THE NATION REVIEWED

“Last month a meeting was convened at Stonington Mansion in Malvern, Victoria, to discuss the decline of Western civilisation. Participants included John Howard, Cardinal Pell, Hugh Morgan and Geoffrey Blainey, with Andrew Bolt as master of ceremonies. Although Tony Abbott was not in attendance, he is, of course, precisely the kind of prime minister for whom the Stonington group must yearn. Abbott is the only leading Coalition politician who is willing and able to entrench and even radicalise the neo-conservative and neo-liberal populist reconstruction of the Liberal Party that took shape under John Howard. His victory in this year’s election would galvanise the most hardline and backward-looking elements of contemporary Australian conservatism.

In the Monthly Comment, Robert Manne examines the politics and personality of the current leader of the federal Opposition in Australia. Manne analyses the conceptual framework upon which Tony Abbott draws, as well as the way in which he brings his beliefs to bear on his governance of the Liberal Party. Manne also identifies the contradictions that riddle Abbott’s political manifesto, Battlelines, and highlights the moral imperturbability of many of his recent public assertions.

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And in “Flavour of the Nation”, Gay Bilson laments the difficulty of creating an authentic culinary experience at a remove from the cultural context of a cuisine; plus, in “Bush Love”, Benjamin Law takes a friend to a B&S ball in search of some country romance.

 

ARTS & LETTERS

“[Michael] Lewis makes a convincing case that few saw the crisis coming and even fewer had the cajones to profit from it; that is, to take the other side of the subprime bets. Wall Street believed and put its money on housing prices going up. Or if they fell, they wouldn’t fall nationwide. A small posse of men – Davids to an exceptionally formidable Goliath – bothered to assess the quality of the crappy assets that were being bundled and rated AAA, and shorted them. How small? Lewis estimates that fewer than 20 people made these bets.”

In “Clueless”, Kate Jennings reviews Michael Lewis’ The Big Short, praising its verve, clarity and adroit analysis of the American subprime disaster. Jennings asserts that, while much “noise” has already been made on the subject, Lewis differentiates himself, not merely through his “peachy prose”, but also by providing a compelling insider perspective. The book becomes a page-turner by virtue of the window it provides on the eccentrics that inhabit the upper reaches of the banking world.

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 “Batuman’s actual life is like an endless Mad Hatter’s tea party. It doesn’t, as she says, add up to anything. The people she meets mostly shout past each other like a roomful of the unhinged deaf. Her book, on the other hand, is an attempt to find a literary form for saying so. In fact, her aim goes even higher: it is to break down the very distinction between life and art – in both life and art, naturally.”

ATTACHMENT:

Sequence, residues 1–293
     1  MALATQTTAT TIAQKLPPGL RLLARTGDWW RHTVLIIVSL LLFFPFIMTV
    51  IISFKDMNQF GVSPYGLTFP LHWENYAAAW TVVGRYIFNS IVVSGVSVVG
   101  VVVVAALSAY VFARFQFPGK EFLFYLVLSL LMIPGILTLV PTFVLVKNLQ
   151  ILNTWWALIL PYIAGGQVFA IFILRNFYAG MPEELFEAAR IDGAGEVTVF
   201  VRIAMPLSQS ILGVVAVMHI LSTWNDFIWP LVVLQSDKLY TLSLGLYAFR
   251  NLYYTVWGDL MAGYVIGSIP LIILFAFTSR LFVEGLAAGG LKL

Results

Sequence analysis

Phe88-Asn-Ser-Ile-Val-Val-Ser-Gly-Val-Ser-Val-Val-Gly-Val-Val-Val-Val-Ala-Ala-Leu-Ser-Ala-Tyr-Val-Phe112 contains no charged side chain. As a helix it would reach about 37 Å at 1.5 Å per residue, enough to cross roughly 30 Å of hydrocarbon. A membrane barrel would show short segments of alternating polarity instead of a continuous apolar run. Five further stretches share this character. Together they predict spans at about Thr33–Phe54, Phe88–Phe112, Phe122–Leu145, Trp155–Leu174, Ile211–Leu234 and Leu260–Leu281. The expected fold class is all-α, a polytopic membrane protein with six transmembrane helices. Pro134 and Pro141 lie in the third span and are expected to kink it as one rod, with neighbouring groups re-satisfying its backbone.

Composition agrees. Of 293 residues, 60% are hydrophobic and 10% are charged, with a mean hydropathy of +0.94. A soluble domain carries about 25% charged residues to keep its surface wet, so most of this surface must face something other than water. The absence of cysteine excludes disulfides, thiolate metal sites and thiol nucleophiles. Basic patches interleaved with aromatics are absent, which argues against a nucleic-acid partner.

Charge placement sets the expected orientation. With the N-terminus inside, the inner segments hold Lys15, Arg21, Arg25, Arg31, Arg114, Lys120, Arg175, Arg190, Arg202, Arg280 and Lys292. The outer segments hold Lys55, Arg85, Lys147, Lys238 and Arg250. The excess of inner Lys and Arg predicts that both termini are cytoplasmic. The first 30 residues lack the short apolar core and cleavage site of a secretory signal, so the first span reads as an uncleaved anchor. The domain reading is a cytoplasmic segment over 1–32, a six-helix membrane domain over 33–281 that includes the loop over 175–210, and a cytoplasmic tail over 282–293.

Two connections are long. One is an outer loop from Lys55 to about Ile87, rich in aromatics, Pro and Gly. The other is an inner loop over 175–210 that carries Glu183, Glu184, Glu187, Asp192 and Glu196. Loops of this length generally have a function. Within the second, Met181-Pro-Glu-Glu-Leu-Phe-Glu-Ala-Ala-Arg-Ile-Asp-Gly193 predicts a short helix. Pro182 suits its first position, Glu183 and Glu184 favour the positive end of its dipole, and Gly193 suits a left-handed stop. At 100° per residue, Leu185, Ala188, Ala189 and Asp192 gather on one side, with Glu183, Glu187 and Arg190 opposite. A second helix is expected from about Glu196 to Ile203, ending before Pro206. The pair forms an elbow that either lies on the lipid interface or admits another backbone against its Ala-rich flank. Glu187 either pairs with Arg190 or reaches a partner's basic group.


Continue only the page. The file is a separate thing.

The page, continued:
In “Faraway Tales”, Robert Dessaix ponders the strengths and deceits of Elif Batuman’s “romp in the fun park of Russian and Uzbek literature”, The Possessed. Dessaix says that, while it is by no means what it purports to be – an adventure with Russian Books and the People Who Read Them – the book offers enlivening ideas on what fires a writer’s imagination.

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“A cynic would claim Hitchens has sold out to the lure of power and money, but Hitchens makes a powerful case for seeing some consistency in his shifts. A turning point was the Falklands War, when Hitchens found himself supporting the British government because of his loathing for the appalling junta that then ran Argentina. ‘Thatcherism,’ he writes, ‘was the rodent slowly stirring in my viscera: the uneasy but unbanishable feeling that on some essential matters she might be right.’”

And in “Swinger”, Dennis Altman evaluates Hitch-22, the memoirs of the highly influential – and controversial – writer and commentator Christopher Hitchens. While the book provides an interesting personal account of Hitchens’ widely discussed transition from ultra-leftist to “defender of the Bush administration”, Altman argues that its self-indulgent moments of hearsay reduce the power of the work.

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Plus, there’s Robert Forster on The White Stripes’ Under Great White Northern Lights; and Peter Conrad on Alfred Stieglitz’s Lake George years.